=> /(?<day>\d{2})-(?<month>\d{2})-(?<year>\d{4})/
irb(main):002:0> data = "24-02-2014"
=> "24-02-2014"
irb(main):003:0> data[pattern, :day]
=> "24"
irb(main):004:0> data[pattern, :month]
=> "02"
irb(main):005:0> data[pattern, :year]
=> "2014"
irb(main):006:0> if pattern =~ data
irb(main):007:1>   $~[:year]
irb(main):008:1> end
=> "2014"

When using a literal regex on the left-hand side of an expression, the =~ operator, followed by the string. The named capture groups will be assigned to local variables with corresponding names.

irb(main):009:0> /(?<day>\d{2})-(?<month>\d{2})-(?<year>\d{4})/ =~ data
=> 0
irb(main):010:0> day
=> "24"
irb(main):011:0> month
=> "02"
irb(main):012:0> year
=> "2014"
irb(main):013:0> if /(?<day>\d{2})-(?<month>\d{2})-(?<year>\d{4})/ =~ data
irb(main):014:1>   puts "Day: #{day}"
irb(main):015:1>   puts "Month: #{month}"
irb(main):016:1>   puts "Year: #{year}"
irb(main):017:1> end
Day: 24
Month: 02
Year: 2014
=> nil

Named capture groups can also be backreferenced with \k<name>.

irb(main):001:0> pattern = /(?<day>\d{2})-\k<day>-(?<year>\d{4})/
=> /(?<day>\d{2})-\k<day>-(?<year>\d{4})/
irb(main):002:0> data = "01-02-2014\n02-02-2014\n03-02-2014\n04-02-2014\n"
=> "01-02-2014\n02-02-2014\n03-02-2014\n04-02-2014\n"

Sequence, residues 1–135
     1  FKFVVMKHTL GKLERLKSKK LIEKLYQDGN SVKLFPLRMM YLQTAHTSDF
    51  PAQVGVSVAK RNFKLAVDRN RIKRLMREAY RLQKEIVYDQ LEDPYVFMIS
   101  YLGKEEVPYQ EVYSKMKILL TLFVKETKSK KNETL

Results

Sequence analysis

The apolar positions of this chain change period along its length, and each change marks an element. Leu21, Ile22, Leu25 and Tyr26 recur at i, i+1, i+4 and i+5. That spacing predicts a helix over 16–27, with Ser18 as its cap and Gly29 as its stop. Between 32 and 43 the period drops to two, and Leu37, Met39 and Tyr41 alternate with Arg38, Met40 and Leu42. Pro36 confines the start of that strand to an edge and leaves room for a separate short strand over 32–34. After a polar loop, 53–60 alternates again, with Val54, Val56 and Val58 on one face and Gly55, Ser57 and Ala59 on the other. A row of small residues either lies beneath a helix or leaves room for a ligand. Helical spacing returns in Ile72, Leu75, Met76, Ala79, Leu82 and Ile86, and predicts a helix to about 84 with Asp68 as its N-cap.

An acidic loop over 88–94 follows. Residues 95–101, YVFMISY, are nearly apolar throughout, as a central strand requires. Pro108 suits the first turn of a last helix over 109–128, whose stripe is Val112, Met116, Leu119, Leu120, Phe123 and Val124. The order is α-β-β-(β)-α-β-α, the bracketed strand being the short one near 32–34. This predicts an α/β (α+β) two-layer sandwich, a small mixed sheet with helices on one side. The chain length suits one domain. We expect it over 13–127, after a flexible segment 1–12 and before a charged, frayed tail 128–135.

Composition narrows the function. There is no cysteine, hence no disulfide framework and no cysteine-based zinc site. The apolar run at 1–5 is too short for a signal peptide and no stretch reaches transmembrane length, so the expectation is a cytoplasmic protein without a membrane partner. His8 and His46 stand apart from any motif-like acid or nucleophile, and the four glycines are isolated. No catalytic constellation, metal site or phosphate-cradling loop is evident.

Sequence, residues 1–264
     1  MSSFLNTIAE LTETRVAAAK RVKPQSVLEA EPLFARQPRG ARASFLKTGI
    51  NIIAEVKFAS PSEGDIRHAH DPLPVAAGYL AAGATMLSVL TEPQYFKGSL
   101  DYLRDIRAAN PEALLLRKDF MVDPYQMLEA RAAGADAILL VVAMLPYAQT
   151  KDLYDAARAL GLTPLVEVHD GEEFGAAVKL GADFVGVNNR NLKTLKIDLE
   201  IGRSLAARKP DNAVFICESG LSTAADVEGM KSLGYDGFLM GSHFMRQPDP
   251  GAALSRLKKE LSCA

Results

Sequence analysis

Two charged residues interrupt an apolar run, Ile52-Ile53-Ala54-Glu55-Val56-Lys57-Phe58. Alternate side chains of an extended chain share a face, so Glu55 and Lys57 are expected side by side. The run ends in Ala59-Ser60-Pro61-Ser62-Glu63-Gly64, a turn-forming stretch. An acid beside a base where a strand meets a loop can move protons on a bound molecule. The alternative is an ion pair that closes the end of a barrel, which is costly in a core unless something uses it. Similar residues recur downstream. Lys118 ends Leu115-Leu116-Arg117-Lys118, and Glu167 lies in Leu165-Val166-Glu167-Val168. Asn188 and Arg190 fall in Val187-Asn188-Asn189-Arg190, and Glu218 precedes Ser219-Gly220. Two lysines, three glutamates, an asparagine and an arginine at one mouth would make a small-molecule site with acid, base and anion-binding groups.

irb(main):003:0> data[pattern]
=> "02-02-2014"

Take note that it is not possible to use numbered backreferences together with named backreferences.

Regex with inline comments

Complex expressions are hard to read. Thankfully, we can add a special option after the end delimiter to control how the patterns are matched. /.../x allows us to add whitespace and comments to the pattern for code clarity.

# Take a look at this example,

pattern = /\A&[#](0[0-7]+|[0-9]+|x[0-9a-fA-F]+);\Z/

# versus this.

pattern = / \A                 # Start of string
           &[#]                # Start of numeric character reference
               0[0-7]+         # Octal form
             | [0-9]+          # Decimal form
             | x[0-9a-fA-F]+   # Hexadecimal form
           ;                   # Trailing semicolon
           \Z                  # End of string
          /x                   # Option

It is a contrived example, yet it shows how increased code clarity is possible with complex expressions. Since whitespace is ignored when the x option is activated, use escapes such as \s or \p{Space} to match them.

We can also use (?#comment) to add comments to expressions without the x option. I find this approach to be less useful. It is not consistent with Ruby’s style and further complicates the expression.

# Inline comments without the 'x' option

pattern = /\A&[#](0[0-7]+(?#octal)|[0-9]+|x[0-9a-fA-F]+);\Z/

I found that these little tricks help me write code that is more maintainable. As always, be careful when using regular expressions. Many security issues in Ruby often occur due to oversight when writing them.

Everything mentioned here can be found in the Ruby documentation. Have a look at it as it covers everything that is implemented by Ruby.

Did you find anything cool you could do with regular expressions in Ruby? Let me know!

Stanley Tan